The Israeli national soccer team was not good enough to qualify for the World Cup, but Israeli systems will run the security at one of the new soccer stadiums that has been built in Brazil. Risco Group reported today that it has completed the implementation of command and control systems and advanced security systems at the Arena Patanal soccer stadium, which was built for the World Cup in Cuiabá. The stadium will seat 44,000 fans.
The command and control program was not developed with the World Cup in mind, but was modified to support improved performance in Brazil, where operators will be able to control many safety and security features at once. The program that operates the stadium's central command and control room will make it possible to control other systems as well, such as the PA system, lighting, gates, and access to protected areas defined by the event organizers as “sterile” - such as the VIP and press boxes, broadcast points, and locker rooms.
Risco stated that after the systems are installed on site, the stadium’s operations crew will be able to control 300 areas inside and outside of the stadium at once from the command and control room.
Risco also supplied control systems for the stadium's entrances, which will allow for hundreds of doors, gates, and turnstiles to be controlled. The system will allow for the crowds to be regulated, will identify people who try to sneak into the stadium using forged tickets, and more. The company stated that the gateway control system was approved and tested by FIFA.
“Our teams were involved throughout the project in Cuiabá - from planning to implementation. We are now conducting supplementary services to ensure that all the integrated systems work efficiently together - to ensure the success of the project in the required timeframe,” said Risco Brazil country manager Eytan Dikstein.
Sources in the security sector estimate Risco’s Cuiabá stadium deal at $2 million. The cost of building the new stadium is $537 million. This is one of 12 soccer stadiums that has been built or renovated for the World Cup. “There have already been a few games between local Brazilian teams in the stadium, and the performance of our systems was tested, and the systems operated properly. We can definitely say - we are ready,” Risco EVP Hemy Fintsy told “Globes,” “During the matches, the stadium’s operations team will work the systems by themselves, and there will be no need for our crews to be on site.”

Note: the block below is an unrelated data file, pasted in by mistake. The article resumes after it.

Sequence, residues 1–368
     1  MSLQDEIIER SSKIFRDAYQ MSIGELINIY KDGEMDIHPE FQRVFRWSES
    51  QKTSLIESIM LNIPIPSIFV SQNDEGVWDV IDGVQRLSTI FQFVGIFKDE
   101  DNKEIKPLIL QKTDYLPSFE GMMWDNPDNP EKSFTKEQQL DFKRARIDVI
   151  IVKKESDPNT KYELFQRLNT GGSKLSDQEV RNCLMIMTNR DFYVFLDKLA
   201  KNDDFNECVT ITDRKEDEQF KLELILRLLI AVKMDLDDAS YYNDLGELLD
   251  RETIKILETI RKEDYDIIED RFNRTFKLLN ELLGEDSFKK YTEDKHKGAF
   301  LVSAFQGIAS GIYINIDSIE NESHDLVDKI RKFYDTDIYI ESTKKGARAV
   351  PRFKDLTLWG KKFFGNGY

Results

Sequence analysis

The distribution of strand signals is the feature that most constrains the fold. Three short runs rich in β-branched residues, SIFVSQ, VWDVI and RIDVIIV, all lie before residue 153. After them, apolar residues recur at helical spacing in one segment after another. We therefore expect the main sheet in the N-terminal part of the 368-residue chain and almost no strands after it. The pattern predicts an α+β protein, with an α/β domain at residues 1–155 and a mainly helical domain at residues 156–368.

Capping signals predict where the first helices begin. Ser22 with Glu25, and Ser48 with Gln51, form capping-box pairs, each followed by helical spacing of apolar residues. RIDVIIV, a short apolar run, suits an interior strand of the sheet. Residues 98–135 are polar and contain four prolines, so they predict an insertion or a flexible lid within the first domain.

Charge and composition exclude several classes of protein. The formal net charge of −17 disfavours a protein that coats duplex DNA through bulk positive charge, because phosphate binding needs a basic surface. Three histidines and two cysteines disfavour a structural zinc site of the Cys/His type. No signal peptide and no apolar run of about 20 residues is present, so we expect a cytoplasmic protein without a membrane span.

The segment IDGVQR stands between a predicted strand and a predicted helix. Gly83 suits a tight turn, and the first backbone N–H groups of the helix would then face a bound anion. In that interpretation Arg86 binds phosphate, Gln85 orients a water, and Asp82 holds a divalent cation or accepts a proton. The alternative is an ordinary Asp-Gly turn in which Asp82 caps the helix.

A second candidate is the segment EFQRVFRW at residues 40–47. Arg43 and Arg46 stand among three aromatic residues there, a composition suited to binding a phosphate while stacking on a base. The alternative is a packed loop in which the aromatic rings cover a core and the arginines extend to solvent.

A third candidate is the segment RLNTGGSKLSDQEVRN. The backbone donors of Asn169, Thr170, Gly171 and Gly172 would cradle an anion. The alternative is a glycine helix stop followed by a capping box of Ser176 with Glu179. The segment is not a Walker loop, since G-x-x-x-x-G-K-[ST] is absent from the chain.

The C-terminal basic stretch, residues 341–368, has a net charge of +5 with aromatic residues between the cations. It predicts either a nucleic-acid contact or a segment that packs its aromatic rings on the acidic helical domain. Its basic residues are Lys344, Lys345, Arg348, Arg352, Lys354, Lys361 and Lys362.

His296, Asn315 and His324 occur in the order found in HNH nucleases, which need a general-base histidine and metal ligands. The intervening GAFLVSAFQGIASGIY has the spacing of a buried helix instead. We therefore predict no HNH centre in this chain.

Risco Group has been operating since the late 1970s. Though the company has 700 employees, most of them in Israel, its operations in Israel take place mostly beneath the radar of the local media. More than 95% of its production is for export, and its primary market is Europe. The company has 13 branches worldwide. According to Dun & Bradstreet, Risco’s 2010 revenue was over NIS 365 million. Risco Group is owned by founder Moshe Alkelai. The company has a development center in Rishon Lezion and a production center in Kiryat Gat.
Fintsy said, “Winning the tender to provide systems for one of the soccer stadiums in Brazil for the upcoming World Cup certainly whets our appetite for the Olympic Games, which will take place in two years in Rio. There is no reason for us not to leverage our qualities forward, thanks to products that prove themselves in the market - that is the innovation and reliability they offer, and not just Israel’s reputation in the field of security. If the product were not good, Israel’s reputation in this area would not help us.”
Published by Globes [online], Israel business news - www.globes-online.com - on April 30, 2014
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